DSTO Eureka Prize for 2014 goes to Helicopter Safety System
The 2014 DSTO Eureka Prize in support of Outstanding Science for Safeguarding Australia has been won by the One Atmosphere company for developing the Pegasus emergency system designed to rescue helicopters ditched in the sea.
Assistant Minister for Defence, Stuart Robert, last night presented a trophy and cash prize of $10,000 to the Perth-based company's founder and managing director Tim Lyons at the Eureka Prize awards ceremony in Sydney.
Attached to the helicopter, the Pegasus is a light-weight, bolt-on, bolt-off buoyancy system (like an air bag) that inflates automatically on impact and is capable of quickly retrieving an aircraft up to 10 tonnes in weight from a depth of 10 metres and keeping it afloat for four hours. This system allows helicopter crew to escape safely in case of accidents in water.
Pegasus has been designed for the Army's Tiger Armed Reconnaissance Helicopter but is flexible enough to be fitted to any helicopter that is required to operate over water.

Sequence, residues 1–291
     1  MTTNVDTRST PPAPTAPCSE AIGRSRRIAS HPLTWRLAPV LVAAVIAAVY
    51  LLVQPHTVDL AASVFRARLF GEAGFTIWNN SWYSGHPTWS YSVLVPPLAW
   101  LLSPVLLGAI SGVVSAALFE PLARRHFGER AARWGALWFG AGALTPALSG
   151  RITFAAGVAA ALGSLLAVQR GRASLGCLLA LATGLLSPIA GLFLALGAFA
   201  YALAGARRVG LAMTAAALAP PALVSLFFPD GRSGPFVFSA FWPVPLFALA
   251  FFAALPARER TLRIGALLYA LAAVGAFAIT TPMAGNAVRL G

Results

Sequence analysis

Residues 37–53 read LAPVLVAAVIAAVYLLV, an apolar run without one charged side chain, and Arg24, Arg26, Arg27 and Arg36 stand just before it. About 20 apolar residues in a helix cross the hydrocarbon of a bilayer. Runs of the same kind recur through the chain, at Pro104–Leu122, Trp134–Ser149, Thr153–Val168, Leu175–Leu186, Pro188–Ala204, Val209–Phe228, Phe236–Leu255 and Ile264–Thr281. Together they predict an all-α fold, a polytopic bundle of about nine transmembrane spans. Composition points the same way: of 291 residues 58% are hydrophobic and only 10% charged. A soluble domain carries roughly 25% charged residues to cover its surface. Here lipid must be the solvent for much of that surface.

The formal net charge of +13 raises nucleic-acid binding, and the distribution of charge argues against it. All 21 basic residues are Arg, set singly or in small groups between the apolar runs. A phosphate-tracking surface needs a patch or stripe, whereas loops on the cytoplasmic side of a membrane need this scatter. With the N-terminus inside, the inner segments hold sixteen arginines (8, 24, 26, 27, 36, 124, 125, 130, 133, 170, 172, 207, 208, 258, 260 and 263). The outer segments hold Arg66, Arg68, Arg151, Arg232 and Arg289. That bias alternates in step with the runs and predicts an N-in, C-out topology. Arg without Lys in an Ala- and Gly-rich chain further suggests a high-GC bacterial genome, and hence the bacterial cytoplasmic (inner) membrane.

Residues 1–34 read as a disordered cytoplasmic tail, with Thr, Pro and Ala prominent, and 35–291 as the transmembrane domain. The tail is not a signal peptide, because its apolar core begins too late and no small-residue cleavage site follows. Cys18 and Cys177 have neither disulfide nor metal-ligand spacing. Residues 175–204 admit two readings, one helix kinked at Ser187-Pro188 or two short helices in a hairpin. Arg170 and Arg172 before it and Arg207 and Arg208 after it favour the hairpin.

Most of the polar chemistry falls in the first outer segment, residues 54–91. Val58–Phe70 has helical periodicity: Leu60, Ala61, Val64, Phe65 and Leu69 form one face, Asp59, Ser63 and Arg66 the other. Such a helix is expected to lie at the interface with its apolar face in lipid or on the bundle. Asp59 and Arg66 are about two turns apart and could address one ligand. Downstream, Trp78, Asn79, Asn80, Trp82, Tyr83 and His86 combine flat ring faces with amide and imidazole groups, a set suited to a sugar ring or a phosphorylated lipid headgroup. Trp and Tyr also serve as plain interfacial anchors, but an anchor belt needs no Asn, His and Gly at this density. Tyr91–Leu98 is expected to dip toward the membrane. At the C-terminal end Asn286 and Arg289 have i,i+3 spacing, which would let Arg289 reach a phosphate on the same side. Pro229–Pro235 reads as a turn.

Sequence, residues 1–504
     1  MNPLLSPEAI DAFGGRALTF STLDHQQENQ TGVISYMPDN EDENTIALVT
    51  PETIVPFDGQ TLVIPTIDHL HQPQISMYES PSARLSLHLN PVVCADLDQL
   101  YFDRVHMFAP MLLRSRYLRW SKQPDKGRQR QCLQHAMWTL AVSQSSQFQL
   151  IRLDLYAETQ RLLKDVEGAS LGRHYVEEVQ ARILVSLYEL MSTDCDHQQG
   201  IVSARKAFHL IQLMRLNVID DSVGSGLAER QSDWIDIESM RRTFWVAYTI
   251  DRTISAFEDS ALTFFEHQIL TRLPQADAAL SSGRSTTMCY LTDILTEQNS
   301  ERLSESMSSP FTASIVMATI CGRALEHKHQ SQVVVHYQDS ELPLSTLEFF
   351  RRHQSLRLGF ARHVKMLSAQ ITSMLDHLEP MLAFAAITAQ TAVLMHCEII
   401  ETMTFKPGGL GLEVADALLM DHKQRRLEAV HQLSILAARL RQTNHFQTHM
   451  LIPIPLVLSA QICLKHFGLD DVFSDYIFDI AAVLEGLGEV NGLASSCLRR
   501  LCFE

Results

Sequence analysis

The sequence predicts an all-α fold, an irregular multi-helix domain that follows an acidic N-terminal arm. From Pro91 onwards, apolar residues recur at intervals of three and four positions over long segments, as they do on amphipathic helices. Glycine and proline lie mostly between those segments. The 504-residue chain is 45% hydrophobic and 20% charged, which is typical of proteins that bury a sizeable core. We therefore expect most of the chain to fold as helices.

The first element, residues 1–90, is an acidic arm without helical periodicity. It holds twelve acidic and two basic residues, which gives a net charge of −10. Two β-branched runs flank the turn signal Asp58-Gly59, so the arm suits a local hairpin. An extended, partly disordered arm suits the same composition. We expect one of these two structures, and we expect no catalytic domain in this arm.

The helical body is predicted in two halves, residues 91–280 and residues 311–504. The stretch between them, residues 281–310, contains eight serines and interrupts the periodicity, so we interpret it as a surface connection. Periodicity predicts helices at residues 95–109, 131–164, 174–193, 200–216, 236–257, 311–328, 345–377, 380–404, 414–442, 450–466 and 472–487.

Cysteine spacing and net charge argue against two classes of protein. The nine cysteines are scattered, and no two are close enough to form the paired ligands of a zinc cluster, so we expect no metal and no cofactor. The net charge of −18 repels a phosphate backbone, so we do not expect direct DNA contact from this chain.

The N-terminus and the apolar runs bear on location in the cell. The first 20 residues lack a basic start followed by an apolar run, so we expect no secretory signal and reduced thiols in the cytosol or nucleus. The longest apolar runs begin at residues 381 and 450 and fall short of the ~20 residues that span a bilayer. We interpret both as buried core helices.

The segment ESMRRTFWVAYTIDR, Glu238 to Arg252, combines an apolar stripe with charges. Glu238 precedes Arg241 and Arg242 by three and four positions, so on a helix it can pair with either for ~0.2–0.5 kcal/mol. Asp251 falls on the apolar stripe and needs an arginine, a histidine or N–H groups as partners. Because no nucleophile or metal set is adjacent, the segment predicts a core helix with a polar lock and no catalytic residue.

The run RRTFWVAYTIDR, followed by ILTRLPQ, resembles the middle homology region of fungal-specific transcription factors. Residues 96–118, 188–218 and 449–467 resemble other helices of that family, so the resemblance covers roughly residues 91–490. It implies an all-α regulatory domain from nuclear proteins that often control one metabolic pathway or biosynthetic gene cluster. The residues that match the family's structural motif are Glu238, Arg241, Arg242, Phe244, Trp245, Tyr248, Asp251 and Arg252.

The technology can also be transferred to the civilian arena for helicopters operated by emergency services, police, tourism and the oil and gas exploration companies.
The Pegasus system was developed with funding from the Capability and Technology Demonstrator (CTD) Program managed by DSTO.
With the successful demonstration of the technology, the Pegasus system is now being considered for further development and eventual integration into the Army helicopter fleet after airworthiness certification.
Tim Lyons was previously Submarine Escape and Rescue Manager for the Royal Australian Navy (RAN) and has since developed various buoyancy systems applicable to the defence, mining and commercial sectors.
Imagery is available through the Defence Image Library.
2014 Australian Museum Eureka Prizes photography by Mark Metcalfe.